Market trends and current insights into real estate in Canada is nearly always where we go with our blog here each week, but every once in a while we like to create an entry where the focus is on building up industry know-how for realtors who may be newer to the business. There are many who wisely see the need to continue right on with learning after they’ve completed the real estate license course, and we’ve also on many different occasions stated how clients will be more inclined to work with you in the future is you really know your stuff and you are assertive in informing them with it.
It’s increasingly rare that a prospective buyer will put an offer in on home without having conditions ‘attached’ to it, and of course all realtors will know this is what is referred to as a ‘subject to’ and each subject-to will need to be met or removed before the offer can proceed into a home sale. That’s what we’re going to look at here with this week’s blog entry, the most common conditions you’ll encounter during a home sale.
Being aware of them can put you in a better position to be guiding your clients whether they are the home seller or would-be buyers, and for any other real estate agents who would like to build a client base more speedily our online real estate lead generation system is an excellent resource where you can be more directly put in touch with the types of buyers and sellers where you can flex your expanded knowledge of the ins and outs of how real estate transactions work.
With that promotion out of the way, let’s get right to those most common offer conditions.
Buyer Safety Net
We can start here by relating that a condition can be anything, but both parties must agree to it. Realtors should know what conditions to recommend to buyers and sellers in various scenarios, and they should also know that conditions don’t have to be accepted by either party, but an accepted conditional offer’ is often the more detailed term that could be used when a sale is ‘pending’. For buyers, conditions are put into place because it facilitates a safety net for them, and often specifically with being protected from any legal obligation to move forward with the conditional deal.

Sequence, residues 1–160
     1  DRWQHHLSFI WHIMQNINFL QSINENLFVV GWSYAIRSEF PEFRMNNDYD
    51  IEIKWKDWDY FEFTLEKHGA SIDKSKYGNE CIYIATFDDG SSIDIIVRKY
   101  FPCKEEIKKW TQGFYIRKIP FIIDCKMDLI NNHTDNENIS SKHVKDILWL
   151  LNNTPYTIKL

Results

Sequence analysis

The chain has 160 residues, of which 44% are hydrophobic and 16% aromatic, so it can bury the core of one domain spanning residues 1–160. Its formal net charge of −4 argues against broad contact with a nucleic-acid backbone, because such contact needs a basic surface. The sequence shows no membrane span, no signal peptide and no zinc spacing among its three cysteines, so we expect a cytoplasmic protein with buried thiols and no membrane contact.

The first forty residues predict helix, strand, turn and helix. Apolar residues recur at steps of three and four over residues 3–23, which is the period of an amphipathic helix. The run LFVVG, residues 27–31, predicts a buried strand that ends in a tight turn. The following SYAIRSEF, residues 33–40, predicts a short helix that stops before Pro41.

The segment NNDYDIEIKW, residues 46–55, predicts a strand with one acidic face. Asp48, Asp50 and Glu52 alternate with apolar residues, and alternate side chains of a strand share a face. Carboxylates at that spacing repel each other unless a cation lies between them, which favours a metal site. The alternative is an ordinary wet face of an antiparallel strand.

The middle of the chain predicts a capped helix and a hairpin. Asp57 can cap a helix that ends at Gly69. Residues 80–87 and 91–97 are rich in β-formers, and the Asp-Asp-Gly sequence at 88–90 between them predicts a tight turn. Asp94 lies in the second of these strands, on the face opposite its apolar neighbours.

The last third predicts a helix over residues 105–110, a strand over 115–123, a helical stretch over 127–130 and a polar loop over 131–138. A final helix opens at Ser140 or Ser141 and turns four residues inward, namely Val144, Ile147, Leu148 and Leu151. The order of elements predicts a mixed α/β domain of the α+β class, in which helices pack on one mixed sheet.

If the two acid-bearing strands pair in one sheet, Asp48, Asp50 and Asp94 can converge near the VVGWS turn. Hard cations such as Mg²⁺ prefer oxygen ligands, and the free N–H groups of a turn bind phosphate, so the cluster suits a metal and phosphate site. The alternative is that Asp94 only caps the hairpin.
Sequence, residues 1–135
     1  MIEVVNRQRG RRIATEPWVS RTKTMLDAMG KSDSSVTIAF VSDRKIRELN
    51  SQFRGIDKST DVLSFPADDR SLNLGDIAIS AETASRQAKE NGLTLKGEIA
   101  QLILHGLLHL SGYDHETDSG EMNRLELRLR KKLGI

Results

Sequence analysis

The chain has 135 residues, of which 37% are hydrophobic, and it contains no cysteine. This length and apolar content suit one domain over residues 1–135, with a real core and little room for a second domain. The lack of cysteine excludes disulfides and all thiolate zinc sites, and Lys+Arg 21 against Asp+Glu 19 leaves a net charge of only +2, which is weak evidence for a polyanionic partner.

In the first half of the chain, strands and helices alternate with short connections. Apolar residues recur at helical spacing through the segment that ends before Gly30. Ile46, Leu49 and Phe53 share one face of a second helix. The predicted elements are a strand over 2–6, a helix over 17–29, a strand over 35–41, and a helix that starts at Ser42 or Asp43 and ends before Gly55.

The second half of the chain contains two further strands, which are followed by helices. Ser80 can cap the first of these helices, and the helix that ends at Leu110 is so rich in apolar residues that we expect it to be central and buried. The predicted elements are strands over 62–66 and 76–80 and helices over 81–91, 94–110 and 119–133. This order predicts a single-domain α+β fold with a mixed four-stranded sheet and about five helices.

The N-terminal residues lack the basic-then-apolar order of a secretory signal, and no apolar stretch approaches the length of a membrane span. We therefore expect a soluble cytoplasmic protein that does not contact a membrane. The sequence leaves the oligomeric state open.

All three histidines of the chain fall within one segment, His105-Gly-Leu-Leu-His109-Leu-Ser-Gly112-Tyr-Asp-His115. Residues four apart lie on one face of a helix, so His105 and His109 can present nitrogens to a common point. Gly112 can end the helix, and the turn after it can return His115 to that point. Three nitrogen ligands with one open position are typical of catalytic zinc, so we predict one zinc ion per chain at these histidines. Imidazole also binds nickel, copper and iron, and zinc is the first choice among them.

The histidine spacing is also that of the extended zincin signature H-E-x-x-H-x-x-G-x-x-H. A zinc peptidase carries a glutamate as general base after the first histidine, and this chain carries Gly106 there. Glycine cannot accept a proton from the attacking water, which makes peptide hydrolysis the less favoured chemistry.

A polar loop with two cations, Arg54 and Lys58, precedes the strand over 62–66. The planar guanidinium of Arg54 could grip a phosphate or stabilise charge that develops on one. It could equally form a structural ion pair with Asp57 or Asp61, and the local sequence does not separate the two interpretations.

The buyer will include a time frame for their condition(s) to be satisfied. If that doesn’t happen then the deal becomes null and void unless both parties agree to extend the timeframe or the buyer informs them they won’t be meeting one (or more) of the conditions. The standard arrangement is the buyer is entitled to a return of their deposit money if the conditions aren’t satisfied.
7 Common Conditions (Subject-To)
Buyers are entitled to request an appraisal of the home to compare its true value to the asking price. In the event the home is appraised for less than what the seller listed in the contract, the buyer may not receive their mortgage approval, re-negotiations may be required, or the buyer may choose to take their deposit and walk away from the sale.
Home inspections are always a good idea to ensure the property is structurally sound. The cost of the home inspections are usually paid by the buyer but that gives them their choice of home inspector and this is important as it needs to be a professional individual that the buyer can trust is going to give them factual information and be representing their interests.
A financing condition or clause informs sellers that the buyer’s offer to purchase the property is conditional on their being approved for financing and then obtaining it. This means that a 5-to-7 day window is created during with they wait for confirmation on their mortgage approval. This protects the buyer in the event the home appraisal comes in low and they’re not approved for the amount offered. But it also gives them a protected time frame where they can reconsider the entire purchase if there’s any reason to do that.
An escape clause is usually stipulated by the seller, with the aim of providing them with a means of getting out of the agreement based on a condition. The most standard scenario where an escape clause is used is when a seller has accepted a conditional offer on their home but the seller receives better offers during this time while the existing-offer buyer is waiting for financing. The escape clause allows them to limit the amount of time required to complete the sale and go with a new buyer if the existing one isn’t able to complete within that timeframe.
Land Survey Review
A survey review is not the same thing as a home inspection. It is a surveying of the grounds the property is built on to determine if there’s any type of risk to the long-term viability of the land for a home on it. It is very advisable to pay for a qualified, chartered professional to survey the property if buyers have even the slightest concerns about possible events in the future.
There can be instances where prospective homebuyers will want a deeper or more thorough cleaning of the home based on how it was when they viewed it and before they chose to place an offer through their agent.
Fixtures and Chattels
There may also be instances where the buyers will insist on new appliances or other pieces being installed or located when moving into the new home. There may be other instances where they will want a certain fixture in the home to remain there if they are to buy it.
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